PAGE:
The U.S. Department of Homeland Security (DHS) Science and Technology Directorate (S&T) selected TeleCommunication Systems (TCS) to perform the first phase of its research study, “Constructing Algorithms that Utilize RF Cell Site Propagation Footprints for Wireless Emergency Alerts (WEA).” The study focuses on using the area footprints associated with RF coverage to improve geotargeting granularity and accuracy for delivery of WEA messages.
Established by the WARN Act in 2006, WEA is a voluntary national emergency alert system designed to deliver critical and emergency messages to the public. WEA messages include presidential emergency alerts, AMBER Alerts, and warnings of imminent national and local threats to life and property, such as natural and man-made disasters.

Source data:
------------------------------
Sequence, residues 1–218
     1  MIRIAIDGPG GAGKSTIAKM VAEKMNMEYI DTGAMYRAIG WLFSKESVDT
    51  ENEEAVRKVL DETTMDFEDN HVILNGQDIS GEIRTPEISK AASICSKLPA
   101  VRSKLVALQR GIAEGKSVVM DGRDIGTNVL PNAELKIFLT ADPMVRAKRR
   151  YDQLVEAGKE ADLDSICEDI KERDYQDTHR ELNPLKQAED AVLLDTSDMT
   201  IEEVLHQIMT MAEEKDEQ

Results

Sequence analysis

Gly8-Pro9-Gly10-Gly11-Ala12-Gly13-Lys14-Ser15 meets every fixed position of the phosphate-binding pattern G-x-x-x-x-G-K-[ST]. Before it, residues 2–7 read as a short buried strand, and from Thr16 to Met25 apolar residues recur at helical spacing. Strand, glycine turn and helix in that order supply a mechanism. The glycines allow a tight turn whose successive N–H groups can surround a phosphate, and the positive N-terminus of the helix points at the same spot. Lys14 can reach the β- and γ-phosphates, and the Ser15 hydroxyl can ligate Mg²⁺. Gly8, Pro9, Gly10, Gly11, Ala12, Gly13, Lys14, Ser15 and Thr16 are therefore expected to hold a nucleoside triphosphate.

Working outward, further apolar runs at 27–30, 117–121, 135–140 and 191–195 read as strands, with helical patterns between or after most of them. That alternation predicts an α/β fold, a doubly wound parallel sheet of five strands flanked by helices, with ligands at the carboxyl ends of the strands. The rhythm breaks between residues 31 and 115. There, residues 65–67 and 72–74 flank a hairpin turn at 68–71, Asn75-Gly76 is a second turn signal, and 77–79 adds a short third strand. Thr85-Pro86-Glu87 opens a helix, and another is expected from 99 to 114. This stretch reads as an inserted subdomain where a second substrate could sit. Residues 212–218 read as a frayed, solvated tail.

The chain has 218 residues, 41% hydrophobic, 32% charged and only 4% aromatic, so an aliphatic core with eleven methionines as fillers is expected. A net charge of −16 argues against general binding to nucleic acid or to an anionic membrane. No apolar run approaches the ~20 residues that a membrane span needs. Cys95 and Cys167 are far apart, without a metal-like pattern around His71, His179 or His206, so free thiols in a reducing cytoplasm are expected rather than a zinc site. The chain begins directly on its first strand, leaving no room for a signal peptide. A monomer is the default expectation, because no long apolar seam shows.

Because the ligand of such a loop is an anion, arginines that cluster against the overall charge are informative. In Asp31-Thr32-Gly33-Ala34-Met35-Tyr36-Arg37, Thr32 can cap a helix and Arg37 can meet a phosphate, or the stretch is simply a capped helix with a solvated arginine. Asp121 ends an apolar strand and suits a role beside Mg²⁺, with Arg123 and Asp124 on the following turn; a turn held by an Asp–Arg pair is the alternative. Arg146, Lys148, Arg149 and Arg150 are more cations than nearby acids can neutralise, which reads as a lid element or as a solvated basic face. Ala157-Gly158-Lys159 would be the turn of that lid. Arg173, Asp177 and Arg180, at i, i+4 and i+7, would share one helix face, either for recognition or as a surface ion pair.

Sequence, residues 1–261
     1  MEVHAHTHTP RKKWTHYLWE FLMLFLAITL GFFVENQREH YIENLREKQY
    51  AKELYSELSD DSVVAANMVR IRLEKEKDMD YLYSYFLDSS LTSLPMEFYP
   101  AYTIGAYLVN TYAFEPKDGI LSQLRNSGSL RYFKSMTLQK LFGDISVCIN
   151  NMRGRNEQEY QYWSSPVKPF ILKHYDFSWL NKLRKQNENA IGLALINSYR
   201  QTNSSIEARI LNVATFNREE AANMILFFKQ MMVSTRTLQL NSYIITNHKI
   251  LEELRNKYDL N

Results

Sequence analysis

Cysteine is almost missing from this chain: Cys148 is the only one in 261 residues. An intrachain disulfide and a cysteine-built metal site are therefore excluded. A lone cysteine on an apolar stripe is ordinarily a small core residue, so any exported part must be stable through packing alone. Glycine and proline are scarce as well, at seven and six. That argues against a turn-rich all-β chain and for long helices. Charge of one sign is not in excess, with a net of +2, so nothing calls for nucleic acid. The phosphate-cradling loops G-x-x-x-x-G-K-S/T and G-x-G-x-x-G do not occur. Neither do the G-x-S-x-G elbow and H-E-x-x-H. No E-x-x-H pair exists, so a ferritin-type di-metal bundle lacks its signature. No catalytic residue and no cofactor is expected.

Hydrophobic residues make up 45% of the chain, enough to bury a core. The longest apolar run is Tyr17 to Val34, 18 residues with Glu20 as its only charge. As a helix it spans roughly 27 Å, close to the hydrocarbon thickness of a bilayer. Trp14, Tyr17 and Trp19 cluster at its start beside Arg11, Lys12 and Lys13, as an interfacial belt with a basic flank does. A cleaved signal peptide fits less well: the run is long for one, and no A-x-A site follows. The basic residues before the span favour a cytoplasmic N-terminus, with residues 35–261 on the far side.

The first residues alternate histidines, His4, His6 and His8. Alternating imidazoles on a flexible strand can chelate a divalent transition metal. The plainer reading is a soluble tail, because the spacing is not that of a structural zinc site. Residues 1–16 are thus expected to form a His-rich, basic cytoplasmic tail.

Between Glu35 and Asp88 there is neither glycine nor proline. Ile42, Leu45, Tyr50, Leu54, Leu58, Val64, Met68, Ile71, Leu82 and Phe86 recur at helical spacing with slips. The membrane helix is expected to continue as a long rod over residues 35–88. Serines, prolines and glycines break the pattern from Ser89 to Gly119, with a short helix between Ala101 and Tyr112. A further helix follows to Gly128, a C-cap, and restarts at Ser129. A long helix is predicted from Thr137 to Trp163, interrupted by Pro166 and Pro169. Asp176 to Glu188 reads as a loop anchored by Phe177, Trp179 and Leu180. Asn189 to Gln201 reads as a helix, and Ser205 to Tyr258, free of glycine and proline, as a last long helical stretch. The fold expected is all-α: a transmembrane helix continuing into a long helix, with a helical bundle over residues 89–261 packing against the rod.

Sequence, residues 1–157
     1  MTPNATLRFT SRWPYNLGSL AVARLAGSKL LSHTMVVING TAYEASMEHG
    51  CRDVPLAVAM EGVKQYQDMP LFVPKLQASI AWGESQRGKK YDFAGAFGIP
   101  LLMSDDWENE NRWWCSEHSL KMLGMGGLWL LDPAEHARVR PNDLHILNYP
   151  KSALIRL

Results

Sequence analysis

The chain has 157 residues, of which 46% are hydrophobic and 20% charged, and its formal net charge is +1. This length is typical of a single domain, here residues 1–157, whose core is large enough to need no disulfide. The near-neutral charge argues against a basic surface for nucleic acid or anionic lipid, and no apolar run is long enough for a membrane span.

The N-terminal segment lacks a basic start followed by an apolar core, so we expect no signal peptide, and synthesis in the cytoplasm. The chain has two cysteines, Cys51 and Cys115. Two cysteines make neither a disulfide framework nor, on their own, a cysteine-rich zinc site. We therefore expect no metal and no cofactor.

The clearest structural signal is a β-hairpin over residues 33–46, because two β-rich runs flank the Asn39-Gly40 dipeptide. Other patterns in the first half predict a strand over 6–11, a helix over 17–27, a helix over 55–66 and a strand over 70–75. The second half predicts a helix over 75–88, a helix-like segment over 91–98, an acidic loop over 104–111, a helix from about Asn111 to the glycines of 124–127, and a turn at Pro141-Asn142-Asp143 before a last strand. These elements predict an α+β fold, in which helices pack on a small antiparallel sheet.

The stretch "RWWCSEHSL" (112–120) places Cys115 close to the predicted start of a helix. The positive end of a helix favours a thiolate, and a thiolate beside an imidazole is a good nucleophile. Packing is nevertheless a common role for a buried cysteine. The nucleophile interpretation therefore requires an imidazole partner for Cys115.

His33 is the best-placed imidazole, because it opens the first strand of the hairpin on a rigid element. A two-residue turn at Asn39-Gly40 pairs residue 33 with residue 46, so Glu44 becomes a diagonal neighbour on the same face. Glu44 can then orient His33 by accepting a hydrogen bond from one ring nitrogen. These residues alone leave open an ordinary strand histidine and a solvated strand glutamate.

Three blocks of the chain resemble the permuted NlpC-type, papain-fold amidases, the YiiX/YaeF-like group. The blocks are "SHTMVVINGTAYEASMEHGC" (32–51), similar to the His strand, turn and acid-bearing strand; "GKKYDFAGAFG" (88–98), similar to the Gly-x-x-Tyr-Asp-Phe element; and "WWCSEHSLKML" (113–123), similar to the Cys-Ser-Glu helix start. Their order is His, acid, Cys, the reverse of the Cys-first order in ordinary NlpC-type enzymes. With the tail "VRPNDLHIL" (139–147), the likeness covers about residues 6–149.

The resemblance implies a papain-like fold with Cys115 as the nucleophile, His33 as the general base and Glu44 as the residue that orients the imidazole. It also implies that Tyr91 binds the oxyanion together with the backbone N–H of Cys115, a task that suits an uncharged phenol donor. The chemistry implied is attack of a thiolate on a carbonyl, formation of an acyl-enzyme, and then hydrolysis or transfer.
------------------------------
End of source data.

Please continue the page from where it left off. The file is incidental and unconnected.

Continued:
The outcome of TCS’ research will provide DHS S&T with recommendations to enhance geotargeting methods with a goal of providing more focused geotargeting alert area notifications and increased safety to wireless device users. The research study also will help standardize algorithms and data management processes that can be critical for increasing citizens’ awareness of pending emergencies within their immediate geographic location. The benefits of improved geotargeting will translate into a better user experience and alert notification integrity to help protect lives.
The study’s scope is limited to test environments only, as actual testing in the production environment would require the involvement of mobile operators. A second phase of the project is under discussion and would facilitate field testing with mobile operators to verify theoretical concepts.